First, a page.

Arab traders were close contact with the people as early as 788AD and that they introduced the religious of Islam there in as early as that time. Many these Arabs settled in Arakan. In the 8th century some Buddhists from Magadha in north and northeastern India escaped persecution of Hindu revivalism and took shelter in Chittagong and Arakan region.

History does not help us in forming an idea of Burmese infiltration into Arakan before 11th century. Hall and others described the Araknese (Rakhines) of today as “basically Burmese with an unmistakable Indian admixture …It is only about the 11th century that we can speak of a people of Indo-Mongoloid stock, from an ethnic group in the intermixture of tribes of various ethnic origins, such as, Australoid, Mongoloid and other elements now known as Arakanese Buddhist.

Wilhelm Klein, in his book ‘Burma the Golden’ wrote that, ‘all sudden, Arakan changed. The invading tribes made the country face east, away from India. As Burma began to flex its muscles, the profound changes born at Pagan started to transform Arakan… over the centuries the physiognomy of the Arakanese people changed. The racial admixture of Indo-European with only recently arrived Central Asians became predominantly Mongoloid, an ethnic mixture which still characterizes today’s Arakanese.’

Historically they called Magh. According to Phayer, the name Magh originated from the ruling race of Magadha. As to Prof. San Tha Aung, ‘the derivation would probably be Maghodhi- Magai- Mog or Magh’. However, they prefer to identify themselves as Rakhine.

Rohingyas are descended from local indigenous tribes who lived in Arakan since the dawn of history. They are thus not descended from the Arabs, Moors, Persian, Pathans, and Moguls alone. The Arabs arrived in Arakan in the late 7th century AD, settled there and intermingled, intermixed and intermarried with the local people and converted a number of local populations including local Buddhists. The appearance of the Arab in Arakan in the 7th century was for more of a cultural phenomenon than ethnic one. The Persians, Truks, Pathens and other Muslim migrant who came into Arakan in the course of time were also merged with the local populace. These various migrations and local converts led to form one common racial and linguistics classification as “Rohingya”; a term derived from Rohang, the ancient name of Arakan.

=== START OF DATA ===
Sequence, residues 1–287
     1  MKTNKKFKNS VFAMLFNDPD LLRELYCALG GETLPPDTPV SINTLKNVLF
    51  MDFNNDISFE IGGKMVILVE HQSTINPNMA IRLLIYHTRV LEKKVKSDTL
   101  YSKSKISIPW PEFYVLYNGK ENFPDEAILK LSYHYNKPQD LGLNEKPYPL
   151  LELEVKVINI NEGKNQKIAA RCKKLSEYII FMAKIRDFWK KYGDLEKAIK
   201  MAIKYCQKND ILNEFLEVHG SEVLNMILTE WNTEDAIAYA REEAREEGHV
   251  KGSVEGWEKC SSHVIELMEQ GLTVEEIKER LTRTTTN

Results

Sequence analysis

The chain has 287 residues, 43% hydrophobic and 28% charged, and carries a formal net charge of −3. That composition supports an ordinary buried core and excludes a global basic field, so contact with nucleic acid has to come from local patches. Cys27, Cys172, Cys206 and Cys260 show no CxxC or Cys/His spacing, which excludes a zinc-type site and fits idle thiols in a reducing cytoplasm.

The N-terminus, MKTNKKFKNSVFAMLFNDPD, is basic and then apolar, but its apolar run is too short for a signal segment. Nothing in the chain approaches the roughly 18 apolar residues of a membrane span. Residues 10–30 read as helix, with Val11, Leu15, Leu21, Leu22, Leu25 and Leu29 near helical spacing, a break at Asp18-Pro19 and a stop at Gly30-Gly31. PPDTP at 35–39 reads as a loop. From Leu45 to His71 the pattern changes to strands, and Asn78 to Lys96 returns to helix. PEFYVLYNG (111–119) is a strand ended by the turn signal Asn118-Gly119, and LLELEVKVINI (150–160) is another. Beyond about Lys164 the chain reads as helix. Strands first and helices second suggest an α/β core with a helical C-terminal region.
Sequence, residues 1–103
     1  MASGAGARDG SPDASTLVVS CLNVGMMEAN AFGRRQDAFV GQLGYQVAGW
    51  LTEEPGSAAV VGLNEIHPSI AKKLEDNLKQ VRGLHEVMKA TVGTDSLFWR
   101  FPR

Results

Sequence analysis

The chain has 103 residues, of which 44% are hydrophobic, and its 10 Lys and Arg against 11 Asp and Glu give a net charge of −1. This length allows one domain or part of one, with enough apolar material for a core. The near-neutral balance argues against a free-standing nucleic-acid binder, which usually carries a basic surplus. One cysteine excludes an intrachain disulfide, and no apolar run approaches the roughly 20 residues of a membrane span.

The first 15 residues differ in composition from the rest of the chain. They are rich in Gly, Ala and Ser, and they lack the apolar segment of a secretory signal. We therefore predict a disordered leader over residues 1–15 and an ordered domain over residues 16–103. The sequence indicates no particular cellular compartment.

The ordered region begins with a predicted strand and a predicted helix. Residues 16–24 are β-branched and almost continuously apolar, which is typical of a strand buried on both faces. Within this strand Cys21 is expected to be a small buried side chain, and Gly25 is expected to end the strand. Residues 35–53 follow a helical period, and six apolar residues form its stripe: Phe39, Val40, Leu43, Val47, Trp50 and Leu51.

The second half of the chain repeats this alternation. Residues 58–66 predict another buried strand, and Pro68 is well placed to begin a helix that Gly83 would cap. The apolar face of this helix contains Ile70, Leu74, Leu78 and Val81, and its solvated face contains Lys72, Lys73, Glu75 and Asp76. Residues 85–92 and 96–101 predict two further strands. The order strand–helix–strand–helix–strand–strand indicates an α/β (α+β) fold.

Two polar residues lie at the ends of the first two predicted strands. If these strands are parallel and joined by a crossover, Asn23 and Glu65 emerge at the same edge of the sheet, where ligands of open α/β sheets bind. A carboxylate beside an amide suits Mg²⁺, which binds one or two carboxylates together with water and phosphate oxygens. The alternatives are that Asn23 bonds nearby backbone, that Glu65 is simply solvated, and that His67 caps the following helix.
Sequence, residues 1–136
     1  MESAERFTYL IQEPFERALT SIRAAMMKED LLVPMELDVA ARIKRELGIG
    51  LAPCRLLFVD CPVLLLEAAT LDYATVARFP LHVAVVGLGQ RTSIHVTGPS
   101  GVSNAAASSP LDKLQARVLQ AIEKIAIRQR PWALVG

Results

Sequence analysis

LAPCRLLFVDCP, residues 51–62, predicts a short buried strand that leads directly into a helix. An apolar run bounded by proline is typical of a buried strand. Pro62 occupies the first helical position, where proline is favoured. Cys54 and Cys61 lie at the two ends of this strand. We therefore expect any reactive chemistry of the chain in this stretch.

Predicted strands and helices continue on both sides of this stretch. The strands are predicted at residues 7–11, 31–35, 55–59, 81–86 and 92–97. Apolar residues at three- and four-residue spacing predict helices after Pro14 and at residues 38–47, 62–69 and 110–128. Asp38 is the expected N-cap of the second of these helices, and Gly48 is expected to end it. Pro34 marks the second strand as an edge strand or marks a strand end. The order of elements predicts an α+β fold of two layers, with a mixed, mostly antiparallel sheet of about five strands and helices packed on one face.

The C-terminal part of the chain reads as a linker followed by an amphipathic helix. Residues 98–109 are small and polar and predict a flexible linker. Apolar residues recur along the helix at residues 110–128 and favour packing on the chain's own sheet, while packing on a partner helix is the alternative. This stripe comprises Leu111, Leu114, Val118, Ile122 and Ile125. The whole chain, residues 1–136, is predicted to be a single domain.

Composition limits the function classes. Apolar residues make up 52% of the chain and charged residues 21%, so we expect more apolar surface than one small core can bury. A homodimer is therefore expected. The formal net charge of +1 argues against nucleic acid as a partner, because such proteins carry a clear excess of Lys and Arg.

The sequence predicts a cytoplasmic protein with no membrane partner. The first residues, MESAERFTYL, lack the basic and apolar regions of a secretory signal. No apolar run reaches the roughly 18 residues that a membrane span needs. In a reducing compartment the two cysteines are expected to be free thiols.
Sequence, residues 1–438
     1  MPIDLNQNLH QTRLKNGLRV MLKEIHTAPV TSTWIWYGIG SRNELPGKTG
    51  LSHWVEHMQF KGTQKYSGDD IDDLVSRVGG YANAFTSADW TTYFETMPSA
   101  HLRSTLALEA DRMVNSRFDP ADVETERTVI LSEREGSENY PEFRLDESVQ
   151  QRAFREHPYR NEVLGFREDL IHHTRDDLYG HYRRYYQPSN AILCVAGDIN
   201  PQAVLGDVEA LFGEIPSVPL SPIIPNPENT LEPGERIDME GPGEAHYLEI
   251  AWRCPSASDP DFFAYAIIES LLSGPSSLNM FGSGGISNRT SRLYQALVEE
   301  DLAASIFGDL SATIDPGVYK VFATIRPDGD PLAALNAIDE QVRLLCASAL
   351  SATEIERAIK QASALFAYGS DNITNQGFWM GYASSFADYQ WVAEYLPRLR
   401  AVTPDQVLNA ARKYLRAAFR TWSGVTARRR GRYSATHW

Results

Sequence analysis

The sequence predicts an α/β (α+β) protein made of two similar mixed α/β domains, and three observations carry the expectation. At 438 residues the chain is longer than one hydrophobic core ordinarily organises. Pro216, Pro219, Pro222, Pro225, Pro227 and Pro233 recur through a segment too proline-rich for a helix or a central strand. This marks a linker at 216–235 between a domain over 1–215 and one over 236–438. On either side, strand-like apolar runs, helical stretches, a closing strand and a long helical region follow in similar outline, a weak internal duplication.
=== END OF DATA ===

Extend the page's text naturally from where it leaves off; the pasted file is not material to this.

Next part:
Dr. Michael W. Charney, School of Oriental and African Studies (SOAS), University of London, writes, “The earliest recorded use of an ethnonym immediately recognizable as Rohingya is an observation by Francis Buchanan in 1799. As he explains, a dialect that was derived from Hindi …is that spoken by the Mohammedans, who have long been settled in Arakan, and who call themselves Roainga, or native of Arakan.”

With the passage of time, there come to exist two distinct and compact communities of Rohingya and Rakhine in Arakan out of those heterogeneous races and tribes and are thus equally entitled to similar historic rights. Both are indigenous people characterized by objective criteria, such as historical continuity, and subjective factors including self-identification which need to define an indigenous people and to have the right of self-determination. It means that, if Rakhines have historic rights in Arakan the Rohingyas have also the same right in Arakan. If the Rakhines freely determine their political status and freely pursue their economic, social, and cultural development, the Rohingyas have also the same rights to charter their destiny by their free will, by virtue of their rights to self-determination.

Hence, Arakan, a land with a population of diverse ethnic, linguistic, cultural and religious identities, doesn’t belong to exclusively any particular ethnic group or race. It’s belonging to inclusively all the peoples of Arakan who are historically living there. It does belong to not only the Rakhine Buddhists and Rohingya Muslims but also to the Chin, Kamans, Thet, Dinnet, Mramagyi, Mro and Khami.